Gay Head or Aquinnah has the Vineyard birders enraptured watching the movement of large numbers of raptors in the last two weeks. To steal the words of Pete Dunne, David Sibley and Clay Sutton from their book Hawks in Flight, bird watchers in Gay Head observed a collection of wind masters (buteos), artful dodgers (accipters), fish hawks (osprey), great foolers (northern harriers), falcons, and big black birds (eagles and vultures) passing over the Vineyard on their way to points south.

The buteo that Vineyard birders are familiar with is the red-tailed hawk. A breeder on the Island, the red-tail or chicken hawk can be seen year-round. The Vineyard breeding population heads south and red-tails from the north spend the winter here hunting mice, rabbits and squirrels.

The accipiters are in my mind the hardest to identify. The Cooper’s hawk and the sharp-shinned hawks are the commonly observed artful dodgers. The Cooper’s has a rounded tail and a bigger head than the square tailed pin-headed sharp-shinned hawk.

The osprey is the Vineyard’s most popular hawk.

Thanks to Gus Ben David and crew building over 100 osprey poles around the Island, the summer population is around sixty pair. These black and white hawks and their offspring move south and it is rare to see fish hawks on the Island between November and March.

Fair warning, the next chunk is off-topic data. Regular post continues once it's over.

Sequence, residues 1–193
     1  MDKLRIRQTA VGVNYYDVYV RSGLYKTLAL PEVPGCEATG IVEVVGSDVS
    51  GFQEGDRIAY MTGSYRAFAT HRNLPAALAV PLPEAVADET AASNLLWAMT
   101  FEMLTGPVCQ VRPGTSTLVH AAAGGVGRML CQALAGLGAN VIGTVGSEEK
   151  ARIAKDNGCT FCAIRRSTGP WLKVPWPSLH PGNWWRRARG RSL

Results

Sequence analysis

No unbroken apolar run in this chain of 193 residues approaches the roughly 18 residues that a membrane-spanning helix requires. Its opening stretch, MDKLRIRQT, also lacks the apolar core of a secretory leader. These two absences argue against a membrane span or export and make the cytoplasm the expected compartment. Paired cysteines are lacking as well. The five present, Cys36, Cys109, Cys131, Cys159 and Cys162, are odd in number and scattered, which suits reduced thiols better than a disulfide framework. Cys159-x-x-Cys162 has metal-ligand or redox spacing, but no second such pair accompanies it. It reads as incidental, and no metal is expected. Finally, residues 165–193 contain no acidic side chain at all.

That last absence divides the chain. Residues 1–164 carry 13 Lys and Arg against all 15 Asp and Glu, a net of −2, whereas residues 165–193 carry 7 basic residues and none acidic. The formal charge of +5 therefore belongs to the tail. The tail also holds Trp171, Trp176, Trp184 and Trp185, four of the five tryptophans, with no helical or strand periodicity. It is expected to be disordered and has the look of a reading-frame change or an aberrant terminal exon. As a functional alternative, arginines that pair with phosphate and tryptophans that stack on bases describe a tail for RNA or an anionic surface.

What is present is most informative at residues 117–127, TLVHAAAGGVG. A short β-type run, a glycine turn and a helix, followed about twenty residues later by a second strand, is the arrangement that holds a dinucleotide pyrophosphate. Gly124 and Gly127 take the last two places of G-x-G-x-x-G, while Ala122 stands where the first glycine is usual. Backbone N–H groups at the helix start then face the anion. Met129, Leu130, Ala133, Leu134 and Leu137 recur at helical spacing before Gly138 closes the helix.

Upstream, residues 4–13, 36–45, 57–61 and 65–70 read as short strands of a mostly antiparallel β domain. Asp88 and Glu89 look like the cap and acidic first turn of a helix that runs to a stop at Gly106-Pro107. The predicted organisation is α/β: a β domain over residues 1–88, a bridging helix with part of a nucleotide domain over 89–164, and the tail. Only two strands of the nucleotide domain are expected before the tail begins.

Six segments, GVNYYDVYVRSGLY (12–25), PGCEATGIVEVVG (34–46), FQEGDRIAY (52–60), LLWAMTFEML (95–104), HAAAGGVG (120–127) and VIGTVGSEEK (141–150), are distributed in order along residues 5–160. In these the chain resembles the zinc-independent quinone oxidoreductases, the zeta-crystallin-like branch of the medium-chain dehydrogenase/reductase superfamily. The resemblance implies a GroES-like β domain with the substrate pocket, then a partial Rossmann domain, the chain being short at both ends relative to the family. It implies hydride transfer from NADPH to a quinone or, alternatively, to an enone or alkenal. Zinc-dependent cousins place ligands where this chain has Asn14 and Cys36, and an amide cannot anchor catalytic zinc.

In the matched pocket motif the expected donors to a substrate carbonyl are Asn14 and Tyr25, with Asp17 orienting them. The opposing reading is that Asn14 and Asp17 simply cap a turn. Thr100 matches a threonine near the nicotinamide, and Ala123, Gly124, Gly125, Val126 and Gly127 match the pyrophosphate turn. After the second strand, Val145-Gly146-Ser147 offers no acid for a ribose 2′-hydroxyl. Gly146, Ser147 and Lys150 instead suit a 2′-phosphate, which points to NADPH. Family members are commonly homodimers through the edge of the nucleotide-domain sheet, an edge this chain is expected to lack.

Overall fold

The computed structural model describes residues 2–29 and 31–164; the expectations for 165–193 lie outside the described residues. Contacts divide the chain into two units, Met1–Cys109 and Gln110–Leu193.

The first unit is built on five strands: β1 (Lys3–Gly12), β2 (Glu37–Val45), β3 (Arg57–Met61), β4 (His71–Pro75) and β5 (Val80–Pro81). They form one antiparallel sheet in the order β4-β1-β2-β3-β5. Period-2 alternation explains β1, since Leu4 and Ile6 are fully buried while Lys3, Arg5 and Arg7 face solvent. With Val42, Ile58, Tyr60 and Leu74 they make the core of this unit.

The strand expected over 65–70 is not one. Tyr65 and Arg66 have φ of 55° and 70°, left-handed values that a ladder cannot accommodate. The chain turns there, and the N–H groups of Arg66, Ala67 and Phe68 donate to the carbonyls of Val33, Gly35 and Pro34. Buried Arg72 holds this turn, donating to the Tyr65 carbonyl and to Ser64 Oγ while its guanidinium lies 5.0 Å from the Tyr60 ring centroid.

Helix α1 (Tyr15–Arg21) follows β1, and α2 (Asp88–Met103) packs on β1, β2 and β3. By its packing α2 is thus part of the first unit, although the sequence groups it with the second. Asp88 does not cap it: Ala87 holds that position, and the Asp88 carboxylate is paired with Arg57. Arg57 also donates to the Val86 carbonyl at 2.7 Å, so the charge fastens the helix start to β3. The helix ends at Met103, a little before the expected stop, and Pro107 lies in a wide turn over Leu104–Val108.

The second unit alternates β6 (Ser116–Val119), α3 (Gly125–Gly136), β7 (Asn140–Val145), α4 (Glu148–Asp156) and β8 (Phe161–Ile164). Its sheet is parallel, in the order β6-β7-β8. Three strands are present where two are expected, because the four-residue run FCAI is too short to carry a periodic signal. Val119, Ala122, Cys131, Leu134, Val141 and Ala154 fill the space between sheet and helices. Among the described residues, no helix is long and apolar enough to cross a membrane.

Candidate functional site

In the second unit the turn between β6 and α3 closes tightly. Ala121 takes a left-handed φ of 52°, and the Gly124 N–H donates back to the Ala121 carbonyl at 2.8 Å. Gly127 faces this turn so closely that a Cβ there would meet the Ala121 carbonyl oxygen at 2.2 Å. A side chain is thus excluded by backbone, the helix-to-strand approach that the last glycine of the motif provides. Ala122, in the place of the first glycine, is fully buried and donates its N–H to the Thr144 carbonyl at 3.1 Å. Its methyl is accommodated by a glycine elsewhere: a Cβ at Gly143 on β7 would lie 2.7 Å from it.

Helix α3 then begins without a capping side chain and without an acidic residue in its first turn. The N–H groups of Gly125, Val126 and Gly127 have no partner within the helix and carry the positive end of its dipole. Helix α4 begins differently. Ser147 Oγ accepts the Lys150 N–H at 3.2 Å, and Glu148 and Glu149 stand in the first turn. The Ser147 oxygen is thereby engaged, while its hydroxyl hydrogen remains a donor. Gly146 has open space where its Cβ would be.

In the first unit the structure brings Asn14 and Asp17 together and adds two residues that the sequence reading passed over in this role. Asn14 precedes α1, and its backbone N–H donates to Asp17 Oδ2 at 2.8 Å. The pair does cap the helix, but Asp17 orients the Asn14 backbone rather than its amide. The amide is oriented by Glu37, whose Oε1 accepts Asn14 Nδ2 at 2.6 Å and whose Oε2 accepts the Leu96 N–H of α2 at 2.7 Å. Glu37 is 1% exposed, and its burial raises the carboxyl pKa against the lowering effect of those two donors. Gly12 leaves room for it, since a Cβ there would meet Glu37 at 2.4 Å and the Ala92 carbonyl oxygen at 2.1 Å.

My personal favorite is the northern harrier or marsh hawk. A hawk of the wide open spaces, the harrier is the slow flying hawk with a big white rump patch. The vacillating flight of the marsh hawks gives one the impression that you are watching a lazy hawk. Not so as the harrier is a stealthy hunter. The male northern harrier is gray and called the gray ghost, while the female is brown.

The falcons seen around the Island include, from small to large, the American kestrel, the merlin and the peregrine falcon. All these hawks have blade shaped wings and are rapid flyers. The smallest, the kestrel, is a small hawk about the size of a blue jay, with a rufous tail. It spends much of its life hovering over a field looking for grasshoppers to snack on. The next largest, the merlin, is fast, dark and a direct flying machine. The peregrine falcon is about the size of a crow and boasts a dark mustache. It soars more than the merlin and has a longer tail and wings. It is an elegant bird and a fierce hunter.

Of the big black birds the turkey vulture is the most commonly seen. A few of the shorter tailed and winged black vultures are appearing on the Island. The vultures are usually found soaring overhead in kettles (large groups circling with the thermals) and rarely flap their huge fingered wings. The bald eagle, on the other hand, flaps its wings more often, but really looks like a big board with wings.

Take a ride to Aquinnah and enjoy the raptors as they move south for the winter.

Bird Sightings:

Gus Ben David and Constance Hill both had a blackbird experience on Oct. 9. Both people watched as close to 2,000 common grackles flowed through their woods into their backyards and then moved on. Gus spotted the flock at the World of Reptiles and Birds just on the line between Oak Bluffs and Edgartown, and Constance off County Road in Oak Bluffs.